- The Squire’s Tale – 1998 – 5*
- The Squire, His Knight, and His Lady – 1999 – 4*
- The Savage Damsel and the Dwarf – 2000 – 4.5*
- Parsifal’s Page – 2001 – 4*
- The Ballad of Sir Dinadan – 2003 – 3.5*
- The Princess, the Crone, and the Dung-Cart Knight – 2004 – 4*
- The Lioness and Her Knight – 2005 – 4*
- The Quest of the Fair Unknown – 2006 – 3.5*
- The Squire’s Quest – 2009 – 4*
- The Legend of the King – 2010 – 4*
I first stumbled across these books somewhere circa 2000 when I was wandering around the library. Where I live, we’re about 40 miles away from Columbus, the state capital. So we have our own local library and whatnot, which is perfectly nice, but if you want to visit a LIBRARY you go to downtown Columbus and revel – it’s huge and magical. Anyway, now we have interlibrary-loan connected between my local library and Columbus, so I rarely have to actually go there – I can still access the entire catalog and have it delivered to my own tiny branch a mere five miles from my house, which is pretty amazing. But back in the day my whole family used to go to Columbus and spend literally an entire day at the library (and were sad when we had to leave… I legit could probably spend days and days and days there before getting remotely bored) just wandering around, reading, making lists of books to read later, and finding various comfy corners to hide away with a new book. And all that to say – The Squire’s Tale was one of the books I found on one of those trips.
The series focuses on various knights of King Arthur’s Round Table, and Morris consistently provides afterwords where he talks about where he found the inspiration for that particular book (frequently Le Morte d’Arthur by Sir Thomas Malory, but sometimes other sources). Morris obviously uses a great deal of poetical license in his interpretation of various characters, but I love the way that he consistently makes the overwhelming majority of them likable. I remember reading Mary Stewart’s Arthurian saga a few years ago, and I couldn’t get over how basically all of her characters were not very pleasant people – the books were overwhelmingly depressing and I barely slogged through them. Morris presents a perhaps less realistic but far more enjoyable portrayal of King Arthur and his knights.
The first book introduces us to the two characters who become the main focus of the series, although many of the books branch off to other individuals – Gawain and Terence. Gawain is a famous character of whom many stories have been told historically, while Terence is entirely of Morris’s creation. The first book focuses on Gawain becoming a knight and questing, while Terence comes along as his squire. But when the pair of them cross from our world into the world of faerie, it becomes a lot less clear as to who is the higher ranking of the two. The friendship that grows between these two characters is one of my favorite things about the entire series. They are both characters that I love so much, and Morris does a fantastic job of letting us watch them grow and mature as individuals and friends.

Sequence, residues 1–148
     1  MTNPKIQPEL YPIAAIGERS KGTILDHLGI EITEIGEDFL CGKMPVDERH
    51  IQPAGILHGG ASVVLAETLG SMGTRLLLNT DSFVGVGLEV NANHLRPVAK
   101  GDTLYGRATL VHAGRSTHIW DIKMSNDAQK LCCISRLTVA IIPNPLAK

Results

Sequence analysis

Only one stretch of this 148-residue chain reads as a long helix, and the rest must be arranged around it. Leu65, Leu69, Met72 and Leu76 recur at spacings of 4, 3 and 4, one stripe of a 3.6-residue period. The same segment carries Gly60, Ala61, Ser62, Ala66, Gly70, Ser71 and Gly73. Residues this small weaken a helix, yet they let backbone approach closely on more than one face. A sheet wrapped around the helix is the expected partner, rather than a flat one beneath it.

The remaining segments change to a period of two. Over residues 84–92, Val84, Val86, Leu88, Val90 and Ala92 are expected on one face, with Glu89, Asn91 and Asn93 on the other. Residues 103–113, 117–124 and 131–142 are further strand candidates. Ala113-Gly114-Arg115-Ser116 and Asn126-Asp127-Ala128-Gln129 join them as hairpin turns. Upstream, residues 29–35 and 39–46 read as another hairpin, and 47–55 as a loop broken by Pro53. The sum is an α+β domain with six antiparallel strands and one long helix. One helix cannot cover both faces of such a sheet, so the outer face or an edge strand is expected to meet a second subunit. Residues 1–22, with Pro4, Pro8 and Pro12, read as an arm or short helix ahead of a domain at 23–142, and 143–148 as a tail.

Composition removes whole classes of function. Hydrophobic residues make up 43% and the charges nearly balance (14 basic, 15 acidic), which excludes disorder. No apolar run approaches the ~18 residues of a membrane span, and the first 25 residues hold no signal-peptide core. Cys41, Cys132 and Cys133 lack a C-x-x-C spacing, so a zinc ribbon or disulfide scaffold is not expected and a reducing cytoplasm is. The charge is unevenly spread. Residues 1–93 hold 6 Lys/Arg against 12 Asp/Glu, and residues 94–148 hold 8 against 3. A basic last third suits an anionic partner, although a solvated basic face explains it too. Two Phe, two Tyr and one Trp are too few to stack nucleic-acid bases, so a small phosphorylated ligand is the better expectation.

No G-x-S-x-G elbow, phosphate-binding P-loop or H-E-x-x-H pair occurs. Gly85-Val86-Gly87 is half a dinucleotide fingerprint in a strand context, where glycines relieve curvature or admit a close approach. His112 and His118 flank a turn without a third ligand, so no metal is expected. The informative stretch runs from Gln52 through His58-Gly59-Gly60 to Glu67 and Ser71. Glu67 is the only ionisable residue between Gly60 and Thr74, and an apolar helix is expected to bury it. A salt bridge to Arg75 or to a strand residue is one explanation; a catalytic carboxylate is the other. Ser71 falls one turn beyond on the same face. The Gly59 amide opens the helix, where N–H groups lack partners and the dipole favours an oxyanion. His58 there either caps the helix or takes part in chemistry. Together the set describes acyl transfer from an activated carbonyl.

Throughout the series, Arthur is portrayed as a wise and just king carrying a great burden. Other knights are both good, mediocre, and evil. There are faeries and witches and everything in between. Justice, strength paired with kindness, generosity, and chivalry and concepts that are woven throughout.
I love the way that Morris presents strong and weak characters – I don’t mind when an air-headed woman appears on the pages because there are plenty of intelligent women to balance her out… and plenty of air-headed men as well! Morris somehow manages to make even the silliest of characters somehow sympathetic in their own way. There are definitely gentle lessons throughout the books, but they never come through as polemic or preachy.
My favorites of the series are the ones with more humor/sass. The first book is my very favorite out of the series, and even if you don’t feel like tackling ten books, you should at least read that one. It’s a quick, fun read. The other books vary, but the series on the whole is a solid 4* if not 4.5.
The Ballad of Sir Dinadan is probably my least favorite, which is a shame because I really like Sir Dinadan himself, and a lot of what happens in the book is very good. But a large chunk of the plot revolves around Dinadan’s brother, Sir Tristram, who falls in love with another man’s wife. The whole point of the story is how very, very ridiculous the concept of “courtly love” (i.e. it’s only romantic to love someone you can’t have), but it’s really a rather downer of a tale. Then, out of all the stories to repeat, we get another version of it in The Squire’s Quest, which greatly reduced my enjoyment of that book as well.
But on the whole, the books are funny yet thoughtful, and so enjoyable. I whipped through them a couple at a time, trying to pace myself.
I had only read The Legend of the King once before – I reread the series every time a new book was published, but hadn’t read the series again after the publication of The Legend. I only had vague memories of the ending being satisfying, but sad – and that’s exactly what it was. While the ending wasn’t a bad one, it also wasn’t a happy one – mainly because the ending of the Arthurian legend isn’t really very happy.
Still, it was a solid conclusion, and overall I can’t recommend these books highly enough.